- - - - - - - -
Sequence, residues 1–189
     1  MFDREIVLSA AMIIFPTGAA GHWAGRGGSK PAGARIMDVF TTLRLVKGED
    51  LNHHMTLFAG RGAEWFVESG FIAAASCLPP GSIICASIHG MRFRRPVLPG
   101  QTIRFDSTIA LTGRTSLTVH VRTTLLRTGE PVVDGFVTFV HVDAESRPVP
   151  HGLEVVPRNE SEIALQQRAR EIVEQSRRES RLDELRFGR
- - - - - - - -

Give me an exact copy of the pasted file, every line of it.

Sequence, residues 1–189
     1  MFDREIVLSA AMIIFPTGAA GHWAGRGGSK PAGARIMDVF TTLRLVKGED
    51  LNHHMTLFAG RGAEWFVESG FIAAASCLPP GSIICASIHG MRFRRPVLPG
   101  QTIRFDSTIA LTGRTSLTVH VRTTLLRTGE PVVDGFVTFV HVDAESRPVP
   151  HGLEVVPRNE SEIALQQRAR EIVEQSRRES RLDELRFGR